The stage at Irving Plaza took on two unique personalities last Wednesday night.
The venue was flooded with emo-kids turned emo-adults, jumping and shouting along with fists in the air. Meat Wave, a Chicago based three-piece group, churned out a tight set rife with raw punk energy. The audience exploded into a relatively tame mosh pit when Cursive took the stage at 10 p.m., fronting alternative punk with a dexterous cellist and captivating guitarist in a blue ruffled dress shirt.
But before the mayhem and the head-banging throngs of tattooed 30-year-olds, the atmosphere in the Union Square venue was calmer, moodier and the room pulsated with a soulful current. Campdogzz kicked off the show at 8 p.m. and though the crowd had yet to fill out the open standing room, those in the audience, including myself, couldn’t help but sway along to the deep melodies belted by the unassuming blond guitar player and lead singer, Jess Price.
An Oklahoma native, Price first moved to Chicago 10 years ago to pursue filmmaking. She met Mike Russell and Nick Enderle, now guitarists for Campdogzz, filming a documentary about their band at the time.
Price grew up involved with music at church and took some piano lessons, and while she has long written lyrics and songs for herself, she had never thought about starting a band until meeting Russell and Enderle.
In their early days, Campdogzz kept a low profile to develop and overcome the learning curve as a band.
“We really just wanted to keep our heads down and write and record and tour as much as we could,” Price said. “Playing music was new for me and I needed to learn how to do it. Even simple things like plugging in a pedal board and figuring out what tones I like were all new.”
They released their first album “Riders in the Hills of Dying Heaven,” in 2015. Many of the songs on the album were born from demos Price recorded at home.
“The first album was primarily Mike and I,” she said. “We just wanted to get the word out that we were going to be an active band and start playing around the city. Everything was really new and our engineer was also really excited so we just flew through it.”
Joined later by Chris Dye on drums and Andrew Rolfsen on bass, Campdogzz have been playing around Chicago and touring different regions across the United States for the past four years.
“Chicago is a small-ass town and a big city at the same time. I think it might have been easier for us to start there than somewhere else,” Price said. “I feel so fortunate that everyone was supportive and helpful from the start, so we really couldn’t do it without our friends there.”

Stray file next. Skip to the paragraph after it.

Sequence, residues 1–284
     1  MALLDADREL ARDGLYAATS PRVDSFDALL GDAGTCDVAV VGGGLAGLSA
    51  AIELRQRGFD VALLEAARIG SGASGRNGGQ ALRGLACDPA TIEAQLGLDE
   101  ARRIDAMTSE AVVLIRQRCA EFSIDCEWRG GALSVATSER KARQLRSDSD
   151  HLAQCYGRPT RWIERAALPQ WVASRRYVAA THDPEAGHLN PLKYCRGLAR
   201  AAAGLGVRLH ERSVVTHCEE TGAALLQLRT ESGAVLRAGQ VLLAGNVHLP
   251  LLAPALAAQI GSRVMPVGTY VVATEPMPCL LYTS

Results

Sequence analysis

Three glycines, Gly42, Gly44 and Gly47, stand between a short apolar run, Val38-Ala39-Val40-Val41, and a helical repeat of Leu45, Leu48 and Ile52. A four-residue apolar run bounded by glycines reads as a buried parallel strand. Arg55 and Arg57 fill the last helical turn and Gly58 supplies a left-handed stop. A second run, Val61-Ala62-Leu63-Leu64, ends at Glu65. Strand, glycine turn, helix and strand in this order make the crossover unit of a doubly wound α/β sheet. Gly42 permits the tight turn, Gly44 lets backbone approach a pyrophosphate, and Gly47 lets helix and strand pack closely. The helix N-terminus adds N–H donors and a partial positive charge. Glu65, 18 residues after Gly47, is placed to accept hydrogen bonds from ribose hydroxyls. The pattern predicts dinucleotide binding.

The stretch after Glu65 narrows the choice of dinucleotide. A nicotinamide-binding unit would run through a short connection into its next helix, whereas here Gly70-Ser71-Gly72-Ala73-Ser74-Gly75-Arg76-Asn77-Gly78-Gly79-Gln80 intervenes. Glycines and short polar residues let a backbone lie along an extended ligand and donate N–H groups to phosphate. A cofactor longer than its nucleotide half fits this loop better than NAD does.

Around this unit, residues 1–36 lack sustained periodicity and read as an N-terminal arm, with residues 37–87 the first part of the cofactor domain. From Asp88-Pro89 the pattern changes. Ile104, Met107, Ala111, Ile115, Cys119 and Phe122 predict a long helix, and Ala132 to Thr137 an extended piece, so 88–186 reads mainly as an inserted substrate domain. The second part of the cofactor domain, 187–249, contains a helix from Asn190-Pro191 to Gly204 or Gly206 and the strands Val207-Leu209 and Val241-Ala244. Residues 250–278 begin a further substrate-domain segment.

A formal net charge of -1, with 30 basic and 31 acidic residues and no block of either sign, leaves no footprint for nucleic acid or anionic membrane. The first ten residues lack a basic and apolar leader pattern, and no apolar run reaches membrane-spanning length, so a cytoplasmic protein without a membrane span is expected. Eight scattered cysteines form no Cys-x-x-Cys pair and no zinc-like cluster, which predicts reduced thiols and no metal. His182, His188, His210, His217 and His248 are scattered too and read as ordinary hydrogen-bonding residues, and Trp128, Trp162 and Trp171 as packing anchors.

Campdogzz released their sophomore record, “In Rounds,” this summer.
“We took a lot more time on the second record. It was definitely a lot more collaborative and a different feel from the last album.”
While Price primarily wrote the lyrics, the instrumentals on “In Rounds,” is a more intricate reflection of the different musical backgrounds of each member of the band.
“Mike has a pretty hardcore-punk background like Black Flag and Fugazzi, and Nick was coming from a place of experimental noise that he was brought up around,” Price said. “I grew up in Oklahoma, so I was around a lot of country and gospel in my childhood.”
“In Rounds” is the first album Campdogzz released under 15 Passenger, a record label started by the band Cursive. Aside from releasing their own backlog of 20 years worth of music, Campdogzz is the only other act signed by 15 Passenger.
Following this tour with Cursive and Meat Wave, Campdogzz will take a month off before heading back on the road with Cursive, touring the West Coast joined by Summer Cannibals.
“We have such endless respect for Cursive. They’re just so solid and no bullsh-t. We feel good and at home with them — they have our back for sure,” Price said.
With their new record label backing and growing sense of identity as a group, Campdogzz have their sights set on making a name for their themselves in the indie rock world.
“We’re in the best spot I think which is the very beginning. We got through the first two records, and I feel like with a lot of bands I listen to, if you can make it to the third record then you’re okay,” Price added. We’re just getting started so it’s all still new, and now we have the support of 15 Passenger, so we’re looking forward to the future with an open mind.”
Email Ali Zimmerman at [email protected].